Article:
Column: Stern spurns the Spurs

Ron Rokhy

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 Gregg Popovich’s decision to rest four of the Spurs’ best players in a nationally televised marquee matchup against the Miami Heat last Thursday was more than enough for NBA commissioner David Stern to remind everyone that his authoritarian regime isn’t quite over yet.

Stern, who’s set to retire in 2014 after serving since 1984, released a statement that night saying San Antonio would face “substantial sanctions” for its actions. One day later, he hit the team with a $250,000 fine, claiming they did a disservice to the fans who paid for tickets by choosing to send home Tim Duncan, Tony Parker, Manu Ginobili and Danny Green.

Although I’m completely against the team receiving a fine,  I also disagree with Popovich’s call because it was not only pointless, it signified he was trying to dodge playing a tough opponent.

Popovich’s argument was that the Spurs were coming off a long road trip which had them playing four games in five nights, and they needed a breather to manage fatigue in order to compete for a championship later on.

The reasoning seems solid at first as the Spurs have the oldest core in the league, but it completely falls apart once the timing of this choice is taken into account. Last I checked, it’s not even 2013 yet. We’ve all seen stars rest throughout the weeks leading up the playoffs, but resting them for a postseason that is half a year away? Nonsensical.

Also, why take the game off against Miami? The Spurs road trip before squaring off against the Heat consisted of games at Indiana, Toronto, Washington and Orlando.

Three out of those four teams are just plain terrible, and one of them (Washington) are the de facto beat ‘em up team of the league as they currently hold a record of 1-13. Why didn’t Pop rest his players then? Surely, San Antonio’s bench – which put up a fight against Miami as they only lost by five – could have easily handled those teams without its starters. They could have been ready and rested for a slugfest against the defending champions, but it didn’t happen.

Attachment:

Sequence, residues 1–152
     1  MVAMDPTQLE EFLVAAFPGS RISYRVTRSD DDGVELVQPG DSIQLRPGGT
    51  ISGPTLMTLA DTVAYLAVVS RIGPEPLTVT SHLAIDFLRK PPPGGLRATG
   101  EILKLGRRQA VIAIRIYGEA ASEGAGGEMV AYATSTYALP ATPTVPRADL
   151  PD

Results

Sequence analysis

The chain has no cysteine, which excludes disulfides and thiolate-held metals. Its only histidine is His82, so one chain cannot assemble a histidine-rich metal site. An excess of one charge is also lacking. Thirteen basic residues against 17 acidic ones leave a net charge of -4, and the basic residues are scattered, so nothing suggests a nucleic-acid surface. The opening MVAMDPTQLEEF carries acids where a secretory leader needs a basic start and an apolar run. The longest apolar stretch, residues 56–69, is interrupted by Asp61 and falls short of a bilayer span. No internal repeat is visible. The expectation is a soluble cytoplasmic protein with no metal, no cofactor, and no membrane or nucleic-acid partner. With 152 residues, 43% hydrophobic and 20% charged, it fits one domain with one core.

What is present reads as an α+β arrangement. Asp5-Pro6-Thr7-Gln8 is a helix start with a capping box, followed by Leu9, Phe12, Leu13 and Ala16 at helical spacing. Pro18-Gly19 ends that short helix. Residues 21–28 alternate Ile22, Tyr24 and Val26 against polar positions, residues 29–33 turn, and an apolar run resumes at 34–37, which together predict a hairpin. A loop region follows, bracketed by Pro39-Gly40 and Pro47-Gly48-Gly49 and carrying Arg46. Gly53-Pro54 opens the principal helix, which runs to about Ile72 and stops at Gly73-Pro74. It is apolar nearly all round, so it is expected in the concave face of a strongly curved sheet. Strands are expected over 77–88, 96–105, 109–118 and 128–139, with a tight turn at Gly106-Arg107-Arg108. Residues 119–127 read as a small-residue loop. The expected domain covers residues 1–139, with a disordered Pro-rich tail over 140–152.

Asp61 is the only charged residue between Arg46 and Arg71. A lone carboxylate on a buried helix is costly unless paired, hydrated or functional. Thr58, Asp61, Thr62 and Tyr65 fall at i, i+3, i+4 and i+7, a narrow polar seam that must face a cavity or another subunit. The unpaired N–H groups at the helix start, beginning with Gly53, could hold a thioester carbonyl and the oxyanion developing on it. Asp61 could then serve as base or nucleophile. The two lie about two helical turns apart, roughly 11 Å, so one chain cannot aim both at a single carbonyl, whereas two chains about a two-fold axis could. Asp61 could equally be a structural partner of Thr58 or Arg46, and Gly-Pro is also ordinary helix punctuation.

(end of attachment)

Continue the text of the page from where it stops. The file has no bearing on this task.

That’s not to say that the Spurs were scared of Miami, but that Popovich meticulously planned to take the easy road. Is this smart coaching or cheap tactics?

I’d say both, but at the end of the day, it doesn’t really matter – it’s Popovich’s team, so it’s his call. The NBA has no right to dictate what plays a team runs during a game, it has no right to schedule a squad’s practices and it certainly has no right to command a coach – an extremely reputable one at that who’s won four titles since 1999 – what players he’s allowed to play in a game.

Furthermore, it’s very important to note that the game was in Miami. Now, I’m not much for sweeping generalizations, but I can say this with confidence: there aren’t many Spurs fans in Miami. No one was there to watch Duncan and Parker play, they bought tickets to see LeBron James and Dwyane Wade – and they did. No harm, no foul.

San Antonio has never been a very marketable team in the first place. They’re described by most fans as “boring,” and are known to take after Duncan and Popovich, who’d both rather not be in the spotlight. They play with no flash, no frills, and are consistently a top regular season team as they’ve made the playoffs 15 straight years (though they’ve only been in the Western Conference Finals once in the last five years).

Stern has always had it out for the the Spurs (he once had Executive Vice President Stu Jackson call one of their players and say he plays “too dirty”) because of their tendency to stay out of the public eye. So Stern he took matters into his own hands and brought them the attention. Along the way, he may have inadvertently set a new precedent: no resting your players allowed.